Healthcare.gov’s newest feature is presenting consumers with disturbingly misleading health insurance prices. CBS uncovered how the beleaguered federal insurance marketplace website is underestimating the actual cost of insurance by 50% or more, because–and I’m not making this up–it forgets to ask users their birth date.
CBS found (and TechCrunch confirmed) that Healthcare.gov estimates that a 48-year-old North Carolina resident ineligible for government subsidies will pay $231/month for a “Silver” plan. But, the website for Blue Cross Blue Shield, the actual insurance provider, reveals a price tag of $360 (few cost estimates are pictured below. healthcare.gov’s cheapest prices are pictured in the top image. Blue Cross’s cheapest price is bottom picture).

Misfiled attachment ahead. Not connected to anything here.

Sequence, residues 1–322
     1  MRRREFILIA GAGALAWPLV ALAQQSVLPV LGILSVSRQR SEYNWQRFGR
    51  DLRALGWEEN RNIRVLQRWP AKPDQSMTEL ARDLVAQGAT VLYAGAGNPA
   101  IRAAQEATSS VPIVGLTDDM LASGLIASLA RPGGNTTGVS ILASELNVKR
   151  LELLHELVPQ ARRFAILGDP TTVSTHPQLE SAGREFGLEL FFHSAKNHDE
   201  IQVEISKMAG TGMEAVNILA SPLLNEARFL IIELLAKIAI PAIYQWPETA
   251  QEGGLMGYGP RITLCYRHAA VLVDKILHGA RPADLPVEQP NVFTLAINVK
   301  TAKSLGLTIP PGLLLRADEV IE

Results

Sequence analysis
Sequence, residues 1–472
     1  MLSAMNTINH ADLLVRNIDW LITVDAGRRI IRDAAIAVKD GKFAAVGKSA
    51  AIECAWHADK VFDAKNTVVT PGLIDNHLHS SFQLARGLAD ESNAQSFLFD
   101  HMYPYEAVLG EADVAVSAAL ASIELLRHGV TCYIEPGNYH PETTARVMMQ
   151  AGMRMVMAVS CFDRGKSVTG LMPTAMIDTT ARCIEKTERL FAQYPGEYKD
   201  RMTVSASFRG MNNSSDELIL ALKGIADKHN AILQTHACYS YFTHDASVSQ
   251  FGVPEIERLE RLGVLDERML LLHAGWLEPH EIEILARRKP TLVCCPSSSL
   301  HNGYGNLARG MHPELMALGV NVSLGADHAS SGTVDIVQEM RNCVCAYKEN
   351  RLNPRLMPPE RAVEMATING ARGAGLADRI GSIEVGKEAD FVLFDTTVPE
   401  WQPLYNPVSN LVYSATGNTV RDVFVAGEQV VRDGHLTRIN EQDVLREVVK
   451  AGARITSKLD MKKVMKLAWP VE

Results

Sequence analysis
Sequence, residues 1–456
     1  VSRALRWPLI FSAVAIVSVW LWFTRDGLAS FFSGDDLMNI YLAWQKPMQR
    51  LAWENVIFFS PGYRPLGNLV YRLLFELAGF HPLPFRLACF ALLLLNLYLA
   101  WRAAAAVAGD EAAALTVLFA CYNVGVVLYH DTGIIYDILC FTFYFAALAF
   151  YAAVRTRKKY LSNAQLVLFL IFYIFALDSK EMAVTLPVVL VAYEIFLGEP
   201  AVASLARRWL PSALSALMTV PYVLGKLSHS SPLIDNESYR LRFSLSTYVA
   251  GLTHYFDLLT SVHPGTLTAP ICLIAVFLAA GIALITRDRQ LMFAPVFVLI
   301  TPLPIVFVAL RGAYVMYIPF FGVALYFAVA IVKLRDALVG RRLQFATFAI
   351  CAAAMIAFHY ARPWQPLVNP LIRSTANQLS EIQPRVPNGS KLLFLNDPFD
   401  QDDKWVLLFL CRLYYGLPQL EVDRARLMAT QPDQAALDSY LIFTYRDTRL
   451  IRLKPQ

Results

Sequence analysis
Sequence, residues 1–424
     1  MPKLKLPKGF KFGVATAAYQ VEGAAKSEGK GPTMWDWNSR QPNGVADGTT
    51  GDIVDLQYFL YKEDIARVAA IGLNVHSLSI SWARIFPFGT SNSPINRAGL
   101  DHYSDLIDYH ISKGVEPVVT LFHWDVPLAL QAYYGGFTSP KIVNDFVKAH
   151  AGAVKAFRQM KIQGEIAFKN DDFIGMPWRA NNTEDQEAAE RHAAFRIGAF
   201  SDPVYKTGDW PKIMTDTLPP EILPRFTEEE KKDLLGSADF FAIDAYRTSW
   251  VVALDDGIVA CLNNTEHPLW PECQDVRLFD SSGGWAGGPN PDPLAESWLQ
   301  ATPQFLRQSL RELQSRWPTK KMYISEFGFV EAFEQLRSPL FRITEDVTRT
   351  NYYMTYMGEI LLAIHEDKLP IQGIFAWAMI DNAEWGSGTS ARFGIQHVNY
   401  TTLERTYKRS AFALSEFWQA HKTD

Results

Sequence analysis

See, on Healthcare.gov’s new “Shop and Browse” feature, users are only asked whether they are under 49 years of age. Problem is, the calculator appears to be averaging in the cost of consumers who are also in their 20s, some of whom are eligible for steeper discounts.
The shocking oversight gets even worse. While Healthcare.gov is exceedingly careful to note that the prices are just estimates, it only says that plans are likely to be cheaper.
Healthcare.gov and the state-run websites have been making headline news for ongoing issues with crashes and logins. President Obama chided the press for being impatient, saying that even Apple has glitchy rollouts. True, companies have troubled launches, but I’m pretty sure Apple never mislead users into thinking they could get an iPhone for $200, when it was actually $400.
We’ve noted before that the government’s calculator can be seriously misleading and is better done by tech startups offering sophisticated calculators which accounts for individuals’ unique needs. However, the Affordable Care Act lets states optionally partner with tech startups; California and New York have chosen to delay partnerships for roughly 2 years.
Another day, another government screw-up.